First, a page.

MORE TRUCK LINES, INC., Petitioner, v. NATIONAL LABOR RELATIONS BOARD, Respondent.
The issue in this petition for review of an order of the National Labor Relations Board is whether statements of More Truck Lines, Inc., that it would withhold wage increases from its employees if they elected a challenging union as their representative constituted threats in violation of § 8(a)(1) of the National Labor Relations Act, 29 U.S.C. § 158(a)(1). The Board cross-petitions for enforcement.
More Truck Lines transports paving materials, rock, sand, and related equipment throughout southern California. On June 18, 1998, the company and the Brotherhood, a labor organization representing the company's full-time and regular part-time drivers, signed a collective-bargaining agreement, effective from July 1, 1998, through June 30, 2001. The agreement provided that each full-time driver who was already employed on the date the agreement went into effect would receive an annual $1 per hour raise to be implemented on the three anniversary dates of his hire falling within the term of the agreement, unless the driver already received the maximum wage.1 The agreement further specified that each full-time driver hired after the agreement went into effect would receive a $1 per hour raise upon completing a three month probationary period, and would thereafter receive an additional $1 per hour increase on each of the anniversary dates of his hire occurring during the term of the agreement.2
On April 29, 1999, the Board's regional director conducted a representation election pursuant to a petition filed by the General Truck Drivers, Office, Food & Warehouse Union, Teamsters Local 952, International Brotherhood of Teamsters, AFL-CIO (“Teamsters”).3 The drivers had three choices: vote to be represented by the Teamsters, vote to be represented by the Brotherhood, or vote not to be represented. None of the three options received a majority of the votes. The regional director then scheduled a runoff election between the Teamsters and the Brotherhood to take place on May 20, 1999.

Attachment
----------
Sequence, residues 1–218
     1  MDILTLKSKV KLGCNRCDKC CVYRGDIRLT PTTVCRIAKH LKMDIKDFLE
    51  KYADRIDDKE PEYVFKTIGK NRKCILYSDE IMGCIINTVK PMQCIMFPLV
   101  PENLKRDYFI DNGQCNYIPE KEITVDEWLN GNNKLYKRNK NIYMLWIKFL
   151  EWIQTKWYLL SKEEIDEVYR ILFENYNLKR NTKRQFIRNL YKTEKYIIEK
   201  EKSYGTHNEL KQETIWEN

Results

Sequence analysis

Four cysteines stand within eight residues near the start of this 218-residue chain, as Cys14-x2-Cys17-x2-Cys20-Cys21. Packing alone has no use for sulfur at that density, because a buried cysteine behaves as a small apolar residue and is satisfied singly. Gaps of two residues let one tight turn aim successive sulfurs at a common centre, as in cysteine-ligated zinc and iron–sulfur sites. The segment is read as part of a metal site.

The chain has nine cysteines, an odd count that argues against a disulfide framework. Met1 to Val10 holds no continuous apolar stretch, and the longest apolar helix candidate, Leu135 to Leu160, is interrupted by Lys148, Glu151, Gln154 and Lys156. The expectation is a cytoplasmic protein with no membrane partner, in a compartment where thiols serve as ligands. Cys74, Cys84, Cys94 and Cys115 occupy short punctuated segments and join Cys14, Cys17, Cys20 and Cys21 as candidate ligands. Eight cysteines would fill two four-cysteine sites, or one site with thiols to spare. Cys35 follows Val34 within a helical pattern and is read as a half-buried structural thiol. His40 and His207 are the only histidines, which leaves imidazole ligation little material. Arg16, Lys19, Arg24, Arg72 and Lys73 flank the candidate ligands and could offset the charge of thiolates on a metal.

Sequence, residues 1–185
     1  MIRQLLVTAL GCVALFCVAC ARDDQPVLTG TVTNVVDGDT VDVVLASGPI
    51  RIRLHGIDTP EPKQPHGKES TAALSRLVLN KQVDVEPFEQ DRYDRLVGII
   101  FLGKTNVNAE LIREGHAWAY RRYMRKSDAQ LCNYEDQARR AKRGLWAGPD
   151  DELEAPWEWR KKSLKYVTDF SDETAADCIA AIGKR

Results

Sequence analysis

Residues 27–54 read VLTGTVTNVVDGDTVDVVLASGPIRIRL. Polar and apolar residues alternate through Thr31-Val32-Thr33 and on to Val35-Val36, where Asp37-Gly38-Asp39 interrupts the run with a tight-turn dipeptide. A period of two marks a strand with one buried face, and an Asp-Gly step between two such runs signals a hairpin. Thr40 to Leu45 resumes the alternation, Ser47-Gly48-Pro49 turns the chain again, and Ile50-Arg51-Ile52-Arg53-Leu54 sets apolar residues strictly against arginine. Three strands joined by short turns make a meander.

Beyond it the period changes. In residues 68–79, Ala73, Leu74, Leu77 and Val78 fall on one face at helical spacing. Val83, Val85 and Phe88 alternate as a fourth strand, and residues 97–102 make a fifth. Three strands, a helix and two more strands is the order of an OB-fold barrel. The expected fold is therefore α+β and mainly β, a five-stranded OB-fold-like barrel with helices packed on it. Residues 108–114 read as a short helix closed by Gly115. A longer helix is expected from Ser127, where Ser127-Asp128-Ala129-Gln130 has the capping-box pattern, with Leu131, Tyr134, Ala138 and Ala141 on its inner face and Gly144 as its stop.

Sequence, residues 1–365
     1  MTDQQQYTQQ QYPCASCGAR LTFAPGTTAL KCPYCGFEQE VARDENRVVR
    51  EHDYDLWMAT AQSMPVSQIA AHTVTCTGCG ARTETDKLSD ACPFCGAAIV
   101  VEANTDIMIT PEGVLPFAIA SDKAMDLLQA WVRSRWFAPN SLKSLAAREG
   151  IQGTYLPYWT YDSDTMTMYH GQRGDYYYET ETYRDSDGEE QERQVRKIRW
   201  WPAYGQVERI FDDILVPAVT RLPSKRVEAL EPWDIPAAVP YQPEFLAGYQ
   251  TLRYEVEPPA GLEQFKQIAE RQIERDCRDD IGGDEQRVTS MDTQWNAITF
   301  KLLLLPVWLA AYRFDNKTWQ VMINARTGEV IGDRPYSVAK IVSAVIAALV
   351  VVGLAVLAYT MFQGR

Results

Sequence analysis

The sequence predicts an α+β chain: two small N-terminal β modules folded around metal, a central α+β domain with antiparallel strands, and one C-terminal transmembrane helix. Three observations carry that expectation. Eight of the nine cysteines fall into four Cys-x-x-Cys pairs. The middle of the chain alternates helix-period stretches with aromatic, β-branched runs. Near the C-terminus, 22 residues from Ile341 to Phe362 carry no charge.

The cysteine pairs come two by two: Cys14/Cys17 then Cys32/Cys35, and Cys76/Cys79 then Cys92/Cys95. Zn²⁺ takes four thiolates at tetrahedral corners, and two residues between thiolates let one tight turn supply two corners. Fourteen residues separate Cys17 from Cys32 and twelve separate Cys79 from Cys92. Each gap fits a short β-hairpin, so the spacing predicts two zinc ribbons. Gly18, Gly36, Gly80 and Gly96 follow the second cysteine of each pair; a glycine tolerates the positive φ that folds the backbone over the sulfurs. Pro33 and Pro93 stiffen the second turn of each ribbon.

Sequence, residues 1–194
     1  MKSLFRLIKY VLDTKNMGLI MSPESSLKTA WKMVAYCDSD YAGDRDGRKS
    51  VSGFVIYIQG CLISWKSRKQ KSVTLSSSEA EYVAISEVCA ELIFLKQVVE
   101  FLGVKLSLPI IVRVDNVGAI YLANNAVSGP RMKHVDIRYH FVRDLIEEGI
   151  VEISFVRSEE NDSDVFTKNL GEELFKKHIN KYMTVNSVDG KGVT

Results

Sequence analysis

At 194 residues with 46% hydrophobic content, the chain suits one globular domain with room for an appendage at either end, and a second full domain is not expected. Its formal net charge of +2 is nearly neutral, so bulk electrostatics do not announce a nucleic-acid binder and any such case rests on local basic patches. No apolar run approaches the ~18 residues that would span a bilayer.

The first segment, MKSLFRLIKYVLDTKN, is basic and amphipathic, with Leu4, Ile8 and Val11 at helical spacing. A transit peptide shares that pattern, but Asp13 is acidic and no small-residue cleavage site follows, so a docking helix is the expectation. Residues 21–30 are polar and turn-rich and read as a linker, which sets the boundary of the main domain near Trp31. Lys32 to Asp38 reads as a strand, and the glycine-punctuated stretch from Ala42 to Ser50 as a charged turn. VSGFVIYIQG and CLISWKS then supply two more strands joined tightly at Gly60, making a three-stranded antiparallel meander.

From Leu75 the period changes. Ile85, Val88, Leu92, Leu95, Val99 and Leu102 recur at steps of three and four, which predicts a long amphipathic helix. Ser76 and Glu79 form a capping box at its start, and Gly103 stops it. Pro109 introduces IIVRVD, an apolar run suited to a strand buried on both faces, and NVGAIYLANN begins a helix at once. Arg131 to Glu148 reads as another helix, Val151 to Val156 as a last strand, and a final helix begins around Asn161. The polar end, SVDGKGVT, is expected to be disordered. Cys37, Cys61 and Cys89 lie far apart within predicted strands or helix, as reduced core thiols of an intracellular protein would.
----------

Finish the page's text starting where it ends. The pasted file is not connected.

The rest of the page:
Between the April election and the May runoff, the company distributed three documents to its drivers. The first was a signed letter from the company's president, Dan Sisemore, and its operations manager, Bill Pyles. The letter stated:
If the Teamsters win the election ․ [the company's] current contract with the Brotherhood becomes null and void․ No matter what the Teamsters have told you, if the Teamsters win and are certified, we by law can no longer give you the wage increases already bargained for in the Brotherhood contract because that contract will be null and void. In fact, the law would require that all wages, benefits and working conditions be frozen until we either reach agreement with the Teamsters on a contract or there is an impasse in the negotiations.
The second document was a flier on company letterhead. Quoting the Board's statement in The Maramont Corp., 317 N.L.R.B. 1035, 1044, 1995 WL 407195 (1995), that “a contract ․ become[s] null and void” if a challenging union wins a representation election, the flier reiterated the company's position: “No matter what the Teamsters have told you, the law is clear: if the Teamsters win and is [sic] certified, [the company] by law, can no longer give you the wage increases already bargained for in the Brotherhood contract because that contract will be null and void.” The third document was a copy of the Board's decision in RCA Del Caribe, Inc., 262 N.L.R.B. 963, 1982 WL 24672 (1982), with the following passage underlined: “If the incumbent prevails in the election held, any contract executed with the incumbent will be valid and binding. If the challenging Union prevails, however, any contract executed with the incumbent will be null and void.” Id. at 966.
In addition to these handouts, Pyles and Sisemore on separate occasions explained to drivers that if the Teamsters were elected, the drivers' wages would be frozen at their current levels because the Brotherhood contract would be null and void.